Digital Ways of Financial Inclusion !
It is proverbial to say that there are many Indias within India. In terms of inequality, it is popularly reiterated that on the one hand, there is India, educated, rich and in sync with the world, and on the other hand, there is Bharat, poor, illiterate and cut off from the mainstream. The rural-urban divide largely sums up the challenge India faces- to create equity between those who have access to basic facilities and government mechanisms and those who do not have. This is the reason why financial inclusion is such a dominant theme of the present day government at the Centre. The government seems to believe that Digital India is the answer to conundrum called financial inclusion.
The World Bank report on ‘Improving Access to Finance for India’s Rural Poor’ begins with the argument that ‘well developed and inclusive financial systems’ are associated with more ‘rapid growth and better income distribution’. It can provide the poor the opportunity to ‘get a foothold in the modern economy’ and it is this sort of vision articulated as- ‘building inclusive financial systems that work for the poor’. This is an alarming situation as a nation and society. In a country where nearly 30% people are below poverty line, their inclusion in the economy is hardly optional. If we do not act fast, it will lead to a vicious cycle of poverty, exploitation and injustice. The data illustrated above points towards fissures in our theory of inclusive growth. The picture is dramatically different in rural and remote areas as against the metros which have the privilege of keeping pace with the global mode of development and growth. India that is Bharat and which lives in villages still awaits its opportunity to join the mainstream of Indian financial systems and economic growth.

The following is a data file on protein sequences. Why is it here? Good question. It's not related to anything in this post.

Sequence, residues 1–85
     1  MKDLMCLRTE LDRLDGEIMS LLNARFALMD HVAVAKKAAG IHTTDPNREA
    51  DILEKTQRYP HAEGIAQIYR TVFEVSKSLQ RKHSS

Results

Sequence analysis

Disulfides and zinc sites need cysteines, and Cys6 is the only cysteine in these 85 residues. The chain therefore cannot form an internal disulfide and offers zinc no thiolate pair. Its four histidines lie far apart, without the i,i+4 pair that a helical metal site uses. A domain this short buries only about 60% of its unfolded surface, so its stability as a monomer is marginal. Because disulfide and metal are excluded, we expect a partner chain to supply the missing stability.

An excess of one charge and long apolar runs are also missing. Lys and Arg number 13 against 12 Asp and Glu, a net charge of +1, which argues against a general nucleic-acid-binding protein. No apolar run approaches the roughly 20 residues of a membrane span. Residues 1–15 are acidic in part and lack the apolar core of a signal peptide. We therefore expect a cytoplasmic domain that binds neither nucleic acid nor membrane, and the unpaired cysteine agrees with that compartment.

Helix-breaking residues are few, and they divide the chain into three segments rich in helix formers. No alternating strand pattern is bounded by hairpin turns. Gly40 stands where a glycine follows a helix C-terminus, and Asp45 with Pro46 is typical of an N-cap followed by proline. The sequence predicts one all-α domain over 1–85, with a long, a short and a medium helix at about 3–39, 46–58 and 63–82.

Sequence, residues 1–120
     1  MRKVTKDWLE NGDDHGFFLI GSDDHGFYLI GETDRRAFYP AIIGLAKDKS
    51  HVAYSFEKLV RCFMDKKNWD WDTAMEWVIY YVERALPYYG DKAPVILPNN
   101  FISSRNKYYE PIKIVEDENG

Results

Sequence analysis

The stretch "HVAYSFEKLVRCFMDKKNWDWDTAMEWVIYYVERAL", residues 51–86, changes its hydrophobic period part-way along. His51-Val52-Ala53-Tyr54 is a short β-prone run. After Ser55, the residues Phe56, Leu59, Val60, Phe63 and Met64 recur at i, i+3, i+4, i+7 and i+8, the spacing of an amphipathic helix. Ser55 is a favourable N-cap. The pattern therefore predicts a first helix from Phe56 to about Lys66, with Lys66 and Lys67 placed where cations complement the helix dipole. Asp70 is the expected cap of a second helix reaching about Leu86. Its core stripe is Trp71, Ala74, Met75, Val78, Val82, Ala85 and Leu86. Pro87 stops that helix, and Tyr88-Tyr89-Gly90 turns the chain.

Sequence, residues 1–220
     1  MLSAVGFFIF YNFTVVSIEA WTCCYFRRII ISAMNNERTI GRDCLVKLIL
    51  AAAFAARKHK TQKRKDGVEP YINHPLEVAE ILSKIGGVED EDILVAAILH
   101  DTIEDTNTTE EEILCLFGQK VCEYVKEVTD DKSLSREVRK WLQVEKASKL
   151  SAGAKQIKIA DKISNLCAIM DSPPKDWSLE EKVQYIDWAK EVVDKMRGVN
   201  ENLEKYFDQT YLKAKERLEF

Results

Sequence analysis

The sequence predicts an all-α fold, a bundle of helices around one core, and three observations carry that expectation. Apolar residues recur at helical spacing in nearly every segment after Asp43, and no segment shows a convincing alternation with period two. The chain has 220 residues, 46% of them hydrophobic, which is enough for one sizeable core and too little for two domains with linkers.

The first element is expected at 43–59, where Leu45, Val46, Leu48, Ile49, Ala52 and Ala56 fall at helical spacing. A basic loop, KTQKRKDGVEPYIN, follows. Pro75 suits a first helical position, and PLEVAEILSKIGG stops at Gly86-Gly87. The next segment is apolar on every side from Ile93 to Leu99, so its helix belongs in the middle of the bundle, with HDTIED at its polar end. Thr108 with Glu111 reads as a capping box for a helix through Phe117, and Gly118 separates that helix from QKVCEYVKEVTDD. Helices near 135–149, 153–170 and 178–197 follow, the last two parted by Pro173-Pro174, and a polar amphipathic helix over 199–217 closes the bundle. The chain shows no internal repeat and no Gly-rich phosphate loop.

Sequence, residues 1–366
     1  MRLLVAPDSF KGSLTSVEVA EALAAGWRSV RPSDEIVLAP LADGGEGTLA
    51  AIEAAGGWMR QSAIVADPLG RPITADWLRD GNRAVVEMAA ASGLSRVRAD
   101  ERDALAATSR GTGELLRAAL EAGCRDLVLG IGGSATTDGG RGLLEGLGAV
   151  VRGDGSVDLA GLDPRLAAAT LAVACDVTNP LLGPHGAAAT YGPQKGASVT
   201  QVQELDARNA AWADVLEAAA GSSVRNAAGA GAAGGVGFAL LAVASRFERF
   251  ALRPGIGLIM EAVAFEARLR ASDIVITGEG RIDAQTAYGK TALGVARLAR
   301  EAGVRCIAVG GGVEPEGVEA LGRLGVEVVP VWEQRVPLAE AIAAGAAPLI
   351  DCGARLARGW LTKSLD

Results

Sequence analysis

World Bank, for the first time, explored the issue of financial resilience in the 2014 Global Findex Survey. If people have a way of saving money and accessing the money as and when required, they can manage the risk and exigencies better. In order to understand how well prepared people are to meet unexpected expenses, the survey asked the respondents whether it would be possible for them to raise an emergency sum of 1/20 of gross national income (GNI) per capita in local currency- $2600 in the United States. It also tried to find out the what the main source of funds would be. Across the world, 76% of adults said that it would be feasible for them to access such an amount. Among these people, three-quarters said that either savings or family and friends would be their chief source. In the context of India, it is interesting to note the case of developing countries. In developing countries, 28% said savings would be their main source. However, 56% of those who said they would rely on savings do not save at a formal financial institution. This is a pointer to the fact that there are millions of people who do not have an access to financial systems.